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Onshore Structures Construction

Coastal structures are anything man-made located in the coastal zones and are constructed for erosion management, routing, beach nourishment, and some allow access to the seawaters. These structures are able to protect mooring basins and entries from the waves and stabilize the navigation stations at inlets and are targeted at averting coastal erosion and flooding of the surrounding areas and can be utilized in coastal protection schemes.


Types of coastal protection structures


1- Shore protection structures,

2- Berthing and mooring ships structures, and

3- Marine and offshore industry structures.


1. Shore Protection Structures

Shore protection structures like seawalls, revetments, groins, ripraps are constructed to endure waves, scour, and overtopping. The waves may lead to the failure of these structures.


1.1. Seawalls

Seawalls are commonly built and run along shorelines to prevent coastal structures and areas from the detrimental influence of ocean wave actions and flooding which are driven by storms. There are various arrangements or configurations that might be employed includes curved face seawall, stepped face seawall, rubble mound seawall. These can be built using different types of construction materials such as rubble mound, granite masonry, or reinforced concrete.


Curved face seawall is designed to withstand high wave action effects like foundation materials loss or leaching from overtopping water or storm drainage underneath th e wall. The toe of the curved face seawall is built from large stones to decrease scouring.


Stepped face seawall is used to oppose or resist moderate wave actions. Reinforced concrete sheet piles with tongue- and- groove joints are employed to construct this type of seawall. The spaces which are created between piles are either filled with grout in order to make sand proof cut off the wall or install geotextile fiber at the back of the sheet pile to form a sand tight barrier. Applying geotextile is beneficial because it allows seeping water through and consequently prevents accumulating hydrostatic pressure.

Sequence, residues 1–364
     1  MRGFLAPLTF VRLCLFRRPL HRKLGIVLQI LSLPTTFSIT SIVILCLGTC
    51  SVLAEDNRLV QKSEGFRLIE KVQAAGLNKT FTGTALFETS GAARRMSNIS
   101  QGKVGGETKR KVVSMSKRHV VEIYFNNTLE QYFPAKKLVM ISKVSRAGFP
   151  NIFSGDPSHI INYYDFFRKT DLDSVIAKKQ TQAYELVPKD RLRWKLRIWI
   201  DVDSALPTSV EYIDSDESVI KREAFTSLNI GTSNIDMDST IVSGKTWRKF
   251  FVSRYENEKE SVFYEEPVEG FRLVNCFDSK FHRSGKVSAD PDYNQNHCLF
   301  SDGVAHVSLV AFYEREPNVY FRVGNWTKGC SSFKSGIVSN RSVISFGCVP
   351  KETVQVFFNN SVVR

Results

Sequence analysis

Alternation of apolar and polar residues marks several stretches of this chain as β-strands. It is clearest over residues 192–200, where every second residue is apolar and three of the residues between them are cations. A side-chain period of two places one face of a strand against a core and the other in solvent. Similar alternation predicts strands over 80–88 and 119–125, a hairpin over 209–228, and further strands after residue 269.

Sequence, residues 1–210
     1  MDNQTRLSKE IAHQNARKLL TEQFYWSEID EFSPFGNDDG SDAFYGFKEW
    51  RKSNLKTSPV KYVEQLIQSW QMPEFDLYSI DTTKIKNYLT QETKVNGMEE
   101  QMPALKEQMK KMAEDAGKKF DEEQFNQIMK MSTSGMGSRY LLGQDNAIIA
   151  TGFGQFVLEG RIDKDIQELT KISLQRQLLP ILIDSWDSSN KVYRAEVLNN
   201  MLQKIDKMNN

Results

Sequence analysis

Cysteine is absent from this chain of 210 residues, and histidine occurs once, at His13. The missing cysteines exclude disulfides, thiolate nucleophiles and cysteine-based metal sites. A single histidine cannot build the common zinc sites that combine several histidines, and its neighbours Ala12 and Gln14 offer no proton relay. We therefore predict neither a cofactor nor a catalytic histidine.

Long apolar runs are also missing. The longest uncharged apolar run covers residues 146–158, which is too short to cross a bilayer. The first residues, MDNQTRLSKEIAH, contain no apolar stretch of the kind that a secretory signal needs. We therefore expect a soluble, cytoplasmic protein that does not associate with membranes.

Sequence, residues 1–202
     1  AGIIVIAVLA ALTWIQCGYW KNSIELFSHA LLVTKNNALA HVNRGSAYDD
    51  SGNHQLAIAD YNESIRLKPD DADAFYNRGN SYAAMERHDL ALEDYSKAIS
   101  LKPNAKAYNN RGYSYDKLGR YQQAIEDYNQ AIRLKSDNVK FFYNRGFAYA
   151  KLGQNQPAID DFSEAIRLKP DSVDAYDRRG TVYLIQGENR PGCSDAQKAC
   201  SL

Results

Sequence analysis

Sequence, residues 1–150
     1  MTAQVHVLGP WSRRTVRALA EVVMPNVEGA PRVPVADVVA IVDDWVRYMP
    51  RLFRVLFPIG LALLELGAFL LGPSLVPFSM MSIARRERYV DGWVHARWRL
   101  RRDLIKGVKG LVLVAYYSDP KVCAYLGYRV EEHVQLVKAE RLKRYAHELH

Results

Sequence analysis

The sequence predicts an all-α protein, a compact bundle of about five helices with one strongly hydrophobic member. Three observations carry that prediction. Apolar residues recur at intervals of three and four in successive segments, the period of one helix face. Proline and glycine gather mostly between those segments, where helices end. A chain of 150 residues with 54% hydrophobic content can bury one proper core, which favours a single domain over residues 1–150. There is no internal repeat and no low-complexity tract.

Rubble Mound Seawalls is designed to resist substantially strong wave actions. Design and construction this type of seawall configuration might be easier and cheaper. It can . Despite scouring of the front beach, quarry stone comprising the seawall could be readjusted and settled without causing structural failure. The rubble bound seawall dimensions are determined based on site conditions.





1.2. Revetments

Revetments are the structures constructed parallel to the shoreline for protecting the coastline from erosions. These structures are capable to absorb and reduce the energy of the waves before they reach the banks. Revetments are made using materials composed of stone, precast concrete block or asphalt as to armor the natural sloping of shoreline contours. These slopes can either be smooth or rough depending on the structure's design. Revetments are composed of three major elements-armor layer, filter zone, and toe coating. An armor layer is an essential foundation which shelters against the wave action. The filter layer, in turn, sustains the armor permitting the water to pass through the revetment restricting any sediment to be washed through the armor. The toe layer protects the structure and avoids dislodgment of the seaward edge of the structure, as well as offering the necessary support for all the layer components. Generally, the revetment covers the shore area and the shallow nearshore, which usually is the same area where beach building is possible. The revetment requires continuous supervision which may involve substituting or relocating the armor units.




1.3. Groins

Groins are constructed verrtically to the shoreline, either impermeable or permeable, to decrease erosion affects to the shoreline by changing offshore current and wave patterns. Groins can be built by materials such as concrete, stone, steel, or timber and are categorized depend on length, height, and permeability.

- Long/short groins

- High/low groins

- Permeable groins




1.4. Riprap